There’s excitement in the air as summer comes to a close. Children have new backpacks, shoes, and supplies and are joyfully nervous about meeting their new teachers. This excitement is a normal, healthy part of going back to school.
However, once the novelty wears off, some children may display challenging behaviors and emotions regarding school. For example, they may begin sulking in the morning, refusing to get into the car or bus, and even go so far as to declare hating school. This, while unsettling, is also normal.
The most common reason for such dramatic changes is that reality has set in. Going from laid-back summer days to a more rigid school schedule is a tough transition, and as students get older, each new year comes with increased responsibility and expectations.
Many young children struggle with this change because they’ve imagined what school will be like, and reality is often far different. Kindergarten, in particular, is a new experience with expectations and demands unlike preschool or daycare.
No matter your student’s age, transitioning back to school can cause them to exhibit strong emotions and behaviors. And if you or a teacher responds critically, your student may feel like they’ve lost the support they desperately need during this fragile time. To avoid this issue, parents and caregivers must take steps to ease the school transition. Here are some back-to-school prep tips to help your student start the new year off on the right foot!
Tips for Successful Back-to-School Prep
1. Organize Your Calendar
Begin your back-to-school prep well in advance by assessing your calendar. First, put in all school events for the year so you’re organized as the months go by and activities ramp up. Then, clear the calendar for the first few weeks of school to allow plenty of downtime and rest while your child acclimates.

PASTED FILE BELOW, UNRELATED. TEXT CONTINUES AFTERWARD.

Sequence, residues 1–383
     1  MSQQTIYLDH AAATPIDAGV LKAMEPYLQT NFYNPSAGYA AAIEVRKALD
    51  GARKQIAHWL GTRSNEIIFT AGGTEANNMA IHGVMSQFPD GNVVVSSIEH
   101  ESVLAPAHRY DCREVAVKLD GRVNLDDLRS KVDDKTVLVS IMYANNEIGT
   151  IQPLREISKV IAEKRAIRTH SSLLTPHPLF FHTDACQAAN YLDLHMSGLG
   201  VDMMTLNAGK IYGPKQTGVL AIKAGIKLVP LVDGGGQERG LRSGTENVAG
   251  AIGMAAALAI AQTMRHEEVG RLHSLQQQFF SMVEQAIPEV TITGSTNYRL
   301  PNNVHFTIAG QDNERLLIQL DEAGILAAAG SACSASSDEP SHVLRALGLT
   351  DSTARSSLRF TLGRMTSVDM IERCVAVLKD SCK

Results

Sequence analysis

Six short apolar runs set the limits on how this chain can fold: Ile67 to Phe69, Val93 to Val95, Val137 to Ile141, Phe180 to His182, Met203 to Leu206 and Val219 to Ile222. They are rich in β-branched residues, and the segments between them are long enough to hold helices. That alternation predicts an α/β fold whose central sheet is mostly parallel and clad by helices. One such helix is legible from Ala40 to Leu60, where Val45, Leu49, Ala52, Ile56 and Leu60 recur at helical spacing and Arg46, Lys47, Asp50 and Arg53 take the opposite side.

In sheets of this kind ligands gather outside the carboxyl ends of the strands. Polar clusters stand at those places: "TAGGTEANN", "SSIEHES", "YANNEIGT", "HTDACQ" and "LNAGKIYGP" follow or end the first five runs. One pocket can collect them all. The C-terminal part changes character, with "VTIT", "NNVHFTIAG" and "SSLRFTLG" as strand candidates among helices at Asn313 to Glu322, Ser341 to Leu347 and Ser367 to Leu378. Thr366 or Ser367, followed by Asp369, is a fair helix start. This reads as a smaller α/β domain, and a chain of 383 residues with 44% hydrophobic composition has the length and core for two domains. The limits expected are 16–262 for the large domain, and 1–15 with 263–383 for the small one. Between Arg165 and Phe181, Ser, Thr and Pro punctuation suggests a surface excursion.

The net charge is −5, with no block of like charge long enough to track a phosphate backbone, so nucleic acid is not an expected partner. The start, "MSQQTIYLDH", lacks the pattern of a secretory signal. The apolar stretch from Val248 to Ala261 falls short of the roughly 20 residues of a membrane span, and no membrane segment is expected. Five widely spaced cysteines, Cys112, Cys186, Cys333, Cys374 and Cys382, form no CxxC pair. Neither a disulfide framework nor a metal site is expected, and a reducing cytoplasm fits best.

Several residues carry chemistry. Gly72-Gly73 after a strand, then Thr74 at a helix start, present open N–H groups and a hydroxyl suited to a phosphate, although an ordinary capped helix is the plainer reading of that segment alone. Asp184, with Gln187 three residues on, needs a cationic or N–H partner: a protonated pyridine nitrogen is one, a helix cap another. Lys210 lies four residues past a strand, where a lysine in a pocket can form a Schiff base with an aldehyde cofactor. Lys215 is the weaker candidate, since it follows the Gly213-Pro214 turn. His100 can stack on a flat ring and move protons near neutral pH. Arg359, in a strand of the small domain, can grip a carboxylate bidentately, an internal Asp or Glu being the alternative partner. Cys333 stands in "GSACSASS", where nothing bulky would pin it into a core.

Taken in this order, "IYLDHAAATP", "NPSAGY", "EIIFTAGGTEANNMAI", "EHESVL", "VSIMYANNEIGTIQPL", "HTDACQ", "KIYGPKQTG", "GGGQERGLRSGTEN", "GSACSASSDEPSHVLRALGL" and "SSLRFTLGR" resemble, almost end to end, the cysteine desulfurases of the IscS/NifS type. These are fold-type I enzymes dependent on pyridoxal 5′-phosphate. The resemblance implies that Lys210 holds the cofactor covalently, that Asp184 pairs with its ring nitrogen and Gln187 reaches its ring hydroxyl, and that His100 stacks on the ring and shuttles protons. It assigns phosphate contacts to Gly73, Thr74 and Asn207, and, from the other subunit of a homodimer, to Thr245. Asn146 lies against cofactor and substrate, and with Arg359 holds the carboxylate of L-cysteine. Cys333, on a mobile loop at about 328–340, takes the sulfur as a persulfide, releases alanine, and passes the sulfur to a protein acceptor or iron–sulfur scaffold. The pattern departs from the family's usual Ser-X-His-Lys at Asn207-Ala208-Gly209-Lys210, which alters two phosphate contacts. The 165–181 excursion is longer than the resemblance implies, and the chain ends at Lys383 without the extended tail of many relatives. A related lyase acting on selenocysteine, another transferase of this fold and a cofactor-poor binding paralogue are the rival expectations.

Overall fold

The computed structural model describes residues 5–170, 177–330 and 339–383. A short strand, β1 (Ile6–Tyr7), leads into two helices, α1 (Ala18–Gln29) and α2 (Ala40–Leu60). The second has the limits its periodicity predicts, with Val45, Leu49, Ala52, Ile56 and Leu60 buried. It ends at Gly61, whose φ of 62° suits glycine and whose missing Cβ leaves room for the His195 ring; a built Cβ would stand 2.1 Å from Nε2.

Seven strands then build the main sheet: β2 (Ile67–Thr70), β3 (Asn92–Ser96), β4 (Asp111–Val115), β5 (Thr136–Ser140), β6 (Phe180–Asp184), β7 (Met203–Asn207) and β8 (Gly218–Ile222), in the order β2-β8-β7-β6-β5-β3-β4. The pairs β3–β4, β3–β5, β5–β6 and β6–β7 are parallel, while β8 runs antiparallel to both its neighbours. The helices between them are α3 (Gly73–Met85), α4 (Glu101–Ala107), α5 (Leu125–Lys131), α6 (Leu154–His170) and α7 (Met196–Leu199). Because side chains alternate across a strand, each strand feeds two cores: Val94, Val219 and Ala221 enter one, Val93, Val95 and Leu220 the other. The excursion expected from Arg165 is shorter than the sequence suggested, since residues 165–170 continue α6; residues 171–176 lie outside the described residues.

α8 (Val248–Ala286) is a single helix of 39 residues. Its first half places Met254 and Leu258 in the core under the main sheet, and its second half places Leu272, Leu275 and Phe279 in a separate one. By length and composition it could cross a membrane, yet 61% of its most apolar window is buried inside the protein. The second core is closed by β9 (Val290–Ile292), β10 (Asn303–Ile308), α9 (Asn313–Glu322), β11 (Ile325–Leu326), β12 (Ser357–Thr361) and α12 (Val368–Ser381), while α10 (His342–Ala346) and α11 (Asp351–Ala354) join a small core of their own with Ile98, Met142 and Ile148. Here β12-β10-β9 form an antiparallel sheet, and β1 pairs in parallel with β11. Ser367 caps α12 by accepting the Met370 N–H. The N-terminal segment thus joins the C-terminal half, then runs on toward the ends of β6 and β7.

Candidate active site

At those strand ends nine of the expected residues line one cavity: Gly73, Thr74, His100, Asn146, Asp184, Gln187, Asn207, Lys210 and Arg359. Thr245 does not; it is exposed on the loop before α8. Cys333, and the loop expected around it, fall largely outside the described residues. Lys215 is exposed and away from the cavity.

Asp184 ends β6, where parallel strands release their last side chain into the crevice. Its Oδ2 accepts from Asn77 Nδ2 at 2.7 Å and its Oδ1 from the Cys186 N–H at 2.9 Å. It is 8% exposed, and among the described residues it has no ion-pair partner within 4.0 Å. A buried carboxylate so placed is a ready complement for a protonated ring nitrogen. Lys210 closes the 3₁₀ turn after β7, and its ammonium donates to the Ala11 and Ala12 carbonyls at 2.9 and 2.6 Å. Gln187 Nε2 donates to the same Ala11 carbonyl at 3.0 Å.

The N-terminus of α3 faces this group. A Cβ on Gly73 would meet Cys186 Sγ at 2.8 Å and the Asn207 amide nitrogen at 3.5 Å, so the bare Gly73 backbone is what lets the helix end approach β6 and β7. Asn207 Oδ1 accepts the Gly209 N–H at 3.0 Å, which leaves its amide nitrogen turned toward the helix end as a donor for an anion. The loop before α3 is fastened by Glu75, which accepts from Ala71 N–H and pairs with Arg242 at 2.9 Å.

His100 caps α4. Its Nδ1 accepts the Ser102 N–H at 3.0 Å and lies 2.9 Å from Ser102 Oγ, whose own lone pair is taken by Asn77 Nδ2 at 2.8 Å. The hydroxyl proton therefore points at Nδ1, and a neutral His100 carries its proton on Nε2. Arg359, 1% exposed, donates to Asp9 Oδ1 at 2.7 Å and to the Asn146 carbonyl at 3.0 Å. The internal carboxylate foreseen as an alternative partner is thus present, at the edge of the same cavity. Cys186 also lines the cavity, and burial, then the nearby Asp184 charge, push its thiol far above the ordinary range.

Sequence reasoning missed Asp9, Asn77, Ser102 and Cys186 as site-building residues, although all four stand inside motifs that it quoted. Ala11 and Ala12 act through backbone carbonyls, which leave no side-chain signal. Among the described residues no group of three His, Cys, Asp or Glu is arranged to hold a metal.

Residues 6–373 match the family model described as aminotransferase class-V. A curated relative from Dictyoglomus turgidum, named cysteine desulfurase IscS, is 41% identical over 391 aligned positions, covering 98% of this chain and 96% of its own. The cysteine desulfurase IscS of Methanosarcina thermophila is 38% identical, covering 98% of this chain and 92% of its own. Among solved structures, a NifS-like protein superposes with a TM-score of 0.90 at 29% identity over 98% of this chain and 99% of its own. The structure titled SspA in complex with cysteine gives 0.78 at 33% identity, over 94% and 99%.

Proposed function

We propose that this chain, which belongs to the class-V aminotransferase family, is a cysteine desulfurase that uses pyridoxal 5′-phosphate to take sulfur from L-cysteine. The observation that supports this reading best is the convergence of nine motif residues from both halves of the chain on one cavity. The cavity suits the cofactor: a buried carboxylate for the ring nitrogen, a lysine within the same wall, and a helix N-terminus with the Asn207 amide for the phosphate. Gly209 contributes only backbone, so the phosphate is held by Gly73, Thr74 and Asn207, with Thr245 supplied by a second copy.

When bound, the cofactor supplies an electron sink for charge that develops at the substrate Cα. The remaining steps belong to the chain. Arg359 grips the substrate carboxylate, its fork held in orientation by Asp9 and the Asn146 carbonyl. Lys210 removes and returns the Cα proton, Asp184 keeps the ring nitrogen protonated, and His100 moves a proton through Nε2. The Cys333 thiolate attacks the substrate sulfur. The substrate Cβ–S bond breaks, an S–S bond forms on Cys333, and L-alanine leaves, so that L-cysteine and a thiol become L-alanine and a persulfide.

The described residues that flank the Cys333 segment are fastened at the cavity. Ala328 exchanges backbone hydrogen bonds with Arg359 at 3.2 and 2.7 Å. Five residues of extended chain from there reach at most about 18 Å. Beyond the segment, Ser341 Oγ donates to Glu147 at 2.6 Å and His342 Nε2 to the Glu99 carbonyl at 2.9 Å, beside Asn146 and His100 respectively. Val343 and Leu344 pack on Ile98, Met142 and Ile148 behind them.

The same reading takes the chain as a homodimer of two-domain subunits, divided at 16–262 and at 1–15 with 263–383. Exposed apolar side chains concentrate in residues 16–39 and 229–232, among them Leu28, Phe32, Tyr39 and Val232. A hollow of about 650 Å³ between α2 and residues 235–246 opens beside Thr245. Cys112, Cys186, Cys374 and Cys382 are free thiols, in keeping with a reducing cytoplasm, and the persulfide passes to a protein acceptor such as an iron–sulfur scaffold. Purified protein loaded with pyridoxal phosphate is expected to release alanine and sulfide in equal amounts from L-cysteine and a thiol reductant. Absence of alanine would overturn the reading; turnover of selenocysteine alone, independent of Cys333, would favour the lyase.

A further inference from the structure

That said, sprinkle in a few fun activities during those first few weeks. Just because summer has ended doesn’t mean family activities need to also. Plus, this helps create strong family bonds and allows decompression during the school transition.
2. Get Familiar With the Changes
Make an effort to become familiar with the new environment and people. Visit the school ahead of time so your child knows where they’re going, and be sure to meet with their teachers if given the opportunity. Talk about the school-year schedule, develop a morning routine for a smooth start, gradually build up the routine, and even do a practice run the week before school starts.
While you don’t want to rush the end of summer, dropping in small moments of preparation can go a long way in making your child feel more comfortable with the upcoming transition.
3. Anticipate Pain Points and Create Solutions
As you familiarize yourself with the changes, try to note areas of your life that you can adjust to make things run more smoothly. Some questions to get you started are:
- Is there a drop zone for backpacks, jackets, and sports gear?
- Do you have a supply area so your child avoids scrambling around for materials when doing homework?
- Are you emphasizing good sleep habits and eating a healthy breakfast?
- Do you have a plan for making school lunches in advance?
- Have you established a home routine that creates stability and predictability? Consider making a routine chart so that even the youngest children can follow along.
Having these pain points solved in advance can avoid frustration later. Any shortcut you can devise will be invaluable during the back-to-school transition!
4. Manage Emotions—Both Theirs and Yours!
During this time, your child will need extra reassurance and care. Therefore, it’s essential to validate their feelings before trying to problem solve for them. Sometimes, simply naming their emotion and recognizing it makes it seem less scary.
Remember that adults can set the tone, so managing your feelings of concern or anxiety will help you present a positive attitude and give your child an example of coping well. Read stories about back-to-school transition or separation anxiety, like The Kissing Hand by Audrey Penn, if needed. Sometimes even giving them a physical reminder of home, such as a photograph or special bracelet, will provide extra reassurance.
Over time, taking the transition at the beginning of each school year will likely become easier. Talk to your children about their feelings and involve them in decision-making as you determine how to prepare your family for the school transition. Using these tips for back-to-school prep will assure your child that you’ve got their back and are setting them up for success.
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